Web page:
The Long Island Rail Road’s on-time performance fell for the fifth straight month in November, compared to the same period last year, with delays caused by wet leaves keeping the LIRR on pace for its worst year since 1999.
But despite reporting more delays last month than in November 2017, LIRR president Phillip Eng defended the railroad’s performance. Were it not for several proactive measures taken to keep as many trains running as possible, Eng said, the problems could have been much worse in November — a month in which the railroad carried more riders than any month in its recorded history.
In November, 86.5 percent of LIRR trains operated on time, according to the statistics. That’s down from 92.1 in November 2017. The LIRR’s annual on-time performance through the first 11 months of the year was 90.2 percent — down from 91.6 percent through November 2017.
This past November was the worst month for on-time LIRR trains since January when 83.9 percent of trains ran on time — the lowest monthly figure since 1996.
The LIRR ended last year with an on-time performance figure of 91.4 percent — the worst since 1999, when 91 percent of trains ran on time. The railroad considers a train on-time if it arrives at its final destination within 5 minutes and 59 seconds of its scheduled time.
Through November, LIRR on-time performance has fallen in seven out of 11 months as compared to the same months in 2017. The railroad has attributed growing delays to a number of factors throughout the year, including necessary construction work and weather.
The railroad said 22 percent of all delays in November were caused by “low adhesion” — a problem that occurs when wet leaves on the tracks cause train wheels to slip and slide, resulting in trains having to operate at reduced speeds and, occasionally, being pulled from service for repairs to damaged wheels.
Leaf-related train car shortages resulted in heavy crowding on trains in November, a month in which the railroad carried more than 8 million people — the most for any month since the LIRR began keeping records in 1985, Eng said.
But Hicksville commuter Peter Sarian said blaming the latest delays on leaves “seems like a convenient excuse.”
“I don’t know that I buy that. It’s 2018. You’d think we would have figured out leaves by now,” said Sarian, 27, who noted that, for all of Eng’s promises of transforming the railroad since he arrived in April, “so far things have not really changed.”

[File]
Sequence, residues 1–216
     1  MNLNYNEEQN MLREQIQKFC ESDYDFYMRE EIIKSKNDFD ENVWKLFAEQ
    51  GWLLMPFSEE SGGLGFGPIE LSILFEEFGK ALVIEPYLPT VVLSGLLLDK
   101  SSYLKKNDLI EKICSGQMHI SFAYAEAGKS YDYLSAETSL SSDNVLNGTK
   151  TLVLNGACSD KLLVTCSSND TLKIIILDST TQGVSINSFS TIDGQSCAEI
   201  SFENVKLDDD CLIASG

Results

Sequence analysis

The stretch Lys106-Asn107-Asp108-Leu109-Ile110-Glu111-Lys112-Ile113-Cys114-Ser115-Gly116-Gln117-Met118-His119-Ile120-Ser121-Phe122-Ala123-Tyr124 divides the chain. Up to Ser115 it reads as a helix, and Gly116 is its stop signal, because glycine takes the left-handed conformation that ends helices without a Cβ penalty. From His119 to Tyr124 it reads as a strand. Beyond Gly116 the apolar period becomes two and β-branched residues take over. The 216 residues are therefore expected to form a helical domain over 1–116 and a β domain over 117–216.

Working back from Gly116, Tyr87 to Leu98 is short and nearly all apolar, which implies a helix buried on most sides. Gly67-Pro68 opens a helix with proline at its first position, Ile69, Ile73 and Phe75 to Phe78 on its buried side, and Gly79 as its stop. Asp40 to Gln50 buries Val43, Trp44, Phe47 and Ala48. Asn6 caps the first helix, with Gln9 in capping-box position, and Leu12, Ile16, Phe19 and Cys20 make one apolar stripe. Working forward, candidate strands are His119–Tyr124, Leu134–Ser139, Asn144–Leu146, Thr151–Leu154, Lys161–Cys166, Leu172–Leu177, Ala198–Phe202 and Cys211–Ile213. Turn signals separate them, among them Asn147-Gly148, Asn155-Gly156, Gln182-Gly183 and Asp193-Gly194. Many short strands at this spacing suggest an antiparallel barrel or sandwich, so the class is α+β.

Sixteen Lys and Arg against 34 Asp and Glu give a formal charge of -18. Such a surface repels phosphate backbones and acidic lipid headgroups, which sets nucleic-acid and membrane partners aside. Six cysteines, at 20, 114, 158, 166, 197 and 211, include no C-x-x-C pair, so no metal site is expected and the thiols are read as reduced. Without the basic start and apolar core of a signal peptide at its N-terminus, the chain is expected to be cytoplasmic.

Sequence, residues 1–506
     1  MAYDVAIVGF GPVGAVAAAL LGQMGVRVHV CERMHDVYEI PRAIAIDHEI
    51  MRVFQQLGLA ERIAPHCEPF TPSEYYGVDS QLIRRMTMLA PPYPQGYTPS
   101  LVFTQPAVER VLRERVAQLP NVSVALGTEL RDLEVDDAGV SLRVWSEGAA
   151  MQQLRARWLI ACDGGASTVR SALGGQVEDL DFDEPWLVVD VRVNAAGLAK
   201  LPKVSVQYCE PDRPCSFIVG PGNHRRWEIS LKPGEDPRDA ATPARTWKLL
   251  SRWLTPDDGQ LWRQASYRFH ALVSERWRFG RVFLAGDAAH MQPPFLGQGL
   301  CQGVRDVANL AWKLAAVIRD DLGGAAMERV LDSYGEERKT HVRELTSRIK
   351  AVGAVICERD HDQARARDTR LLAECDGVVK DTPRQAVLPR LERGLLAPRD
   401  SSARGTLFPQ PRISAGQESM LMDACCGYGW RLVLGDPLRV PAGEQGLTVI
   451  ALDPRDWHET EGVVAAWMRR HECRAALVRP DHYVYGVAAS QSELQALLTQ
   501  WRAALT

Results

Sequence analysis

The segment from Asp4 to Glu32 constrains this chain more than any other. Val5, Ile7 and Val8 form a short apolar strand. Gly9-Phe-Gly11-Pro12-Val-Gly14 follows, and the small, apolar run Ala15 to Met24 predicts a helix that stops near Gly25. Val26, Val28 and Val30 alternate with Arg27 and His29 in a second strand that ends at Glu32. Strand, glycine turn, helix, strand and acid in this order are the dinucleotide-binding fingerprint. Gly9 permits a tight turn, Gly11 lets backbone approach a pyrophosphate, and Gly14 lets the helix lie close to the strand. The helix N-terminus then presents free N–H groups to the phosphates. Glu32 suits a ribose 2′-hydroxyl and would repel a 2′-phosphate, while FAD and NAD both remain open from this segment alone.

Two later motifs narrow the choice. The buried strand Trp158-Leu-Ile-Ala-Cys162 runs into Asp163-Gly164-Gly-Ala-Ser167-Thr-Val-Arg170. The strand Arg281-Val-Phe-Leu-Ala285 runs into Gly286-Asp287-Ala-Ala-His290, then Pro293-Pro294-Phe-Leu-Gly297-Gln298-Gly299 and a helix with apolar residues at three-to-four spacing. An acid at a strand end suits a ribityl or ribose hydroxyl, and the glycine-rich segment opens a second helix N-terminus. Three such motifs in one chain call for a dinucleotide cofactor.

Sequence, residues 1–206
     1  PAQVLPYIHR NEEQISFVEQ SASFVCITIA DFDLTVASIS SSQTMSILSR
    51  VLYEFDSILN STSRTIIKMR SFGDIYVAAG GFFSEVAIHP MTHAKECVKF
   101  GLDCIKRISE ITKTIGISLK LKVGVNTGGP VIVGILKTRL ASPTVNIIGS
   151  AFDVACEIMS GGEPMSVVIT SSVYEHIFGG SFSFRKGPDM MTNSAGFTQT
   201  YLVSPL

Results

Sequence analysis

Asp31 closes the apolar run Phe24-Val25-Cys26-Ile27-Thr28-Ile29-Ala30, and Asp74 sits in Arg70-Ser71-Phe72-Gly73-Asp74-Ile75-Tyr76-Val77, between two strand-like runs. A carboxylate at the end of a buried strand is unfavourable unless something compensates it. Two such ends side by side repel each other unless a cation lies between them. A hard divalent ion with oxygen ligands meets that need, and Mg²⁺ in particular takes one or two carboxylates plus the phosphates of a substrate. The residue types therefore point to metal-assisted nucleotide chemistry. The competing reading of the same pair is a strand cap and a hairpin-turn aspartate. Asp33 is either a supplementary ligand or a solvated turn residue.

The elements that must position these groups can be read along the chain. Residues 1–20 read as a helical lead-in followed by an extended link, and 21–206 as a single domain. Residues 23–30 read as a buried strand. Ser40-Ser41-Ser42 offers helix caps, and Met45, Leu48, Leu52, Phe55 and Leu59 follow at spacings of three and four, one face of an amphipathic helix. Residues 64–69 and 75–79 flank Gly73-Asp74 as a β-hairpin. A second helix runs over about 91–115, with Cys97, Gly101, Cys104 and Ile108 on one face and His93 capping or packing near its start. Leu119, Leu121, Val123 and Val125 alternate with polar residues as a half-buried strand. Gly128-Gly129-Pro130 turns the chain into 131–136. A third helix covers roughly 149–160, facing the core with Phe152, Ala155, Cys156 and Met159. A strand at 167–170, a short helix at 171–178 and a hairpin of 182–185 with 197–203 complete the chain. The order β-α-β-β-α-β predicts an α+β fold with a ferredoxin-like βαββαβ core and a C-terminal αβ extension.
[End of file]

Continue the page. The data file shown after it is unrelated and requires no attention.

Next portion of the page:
Eng suggested that the on-time statistics don’t tell the whole story of the railroad’s performance last month, which he noted was one of the wettest Novembers in history. Eng said some of the delays were due to the railroad restricting train speeds during the height of the leaf season to avoid skidding.
“We knew that our delay numbers may take a hit, but when were managing them within the 10-minute range, we felt that was far better than the result we had last year,” Eng said at a Monday meeting of the Metropolitan Transportation Authority’s LIRR Committee.
Thanks to the increased measures taken by the railroad to combat the leaf problem — including expanded wheel-repairing capacity and power washing of rails — fewer train cars have needed to be sidelined than last year, and those that have needed repairs have returned to service more quickly, Eng told the MTA committee.
The railroad will “triple efforts” to address the leaf problem next year, Eng said, including, potentially, by proactively reducing the number of trains it runs in the fall months in order to build more travel time into other trains’ schedules.
Eng said he is also looking to bolster the railroad’s fleet by this time next year, both to have more trains in reserves for when some are taken out of service and also to address the railroad’s booming ridership.
“I am focused on finding a way to increase the fleet, which has been clearly insufficient,” Eng said. “We need to make sure that we’re taking the necessary actions to meet current and future demands.”
Sen. Todd Kaminsky (D-Long Beach), who has pushed for LIRR reforms in Albany, said the latest on-time stats are “unfortunately . . . not news for the thousands of miserable commuters who have endured the worst LIRR service in a generation.”
“Bizarrely, the MTA wants to ask these same commuters to pay more as quality decreases,” said Kaminsky, referencing the MTA’s planned 4-percent fare increase in March. “Albany must step up and ensure that the LIRR has the funding to make improvements, but legislators want to know that management understands the challenges in front of them and has the will to overcome them."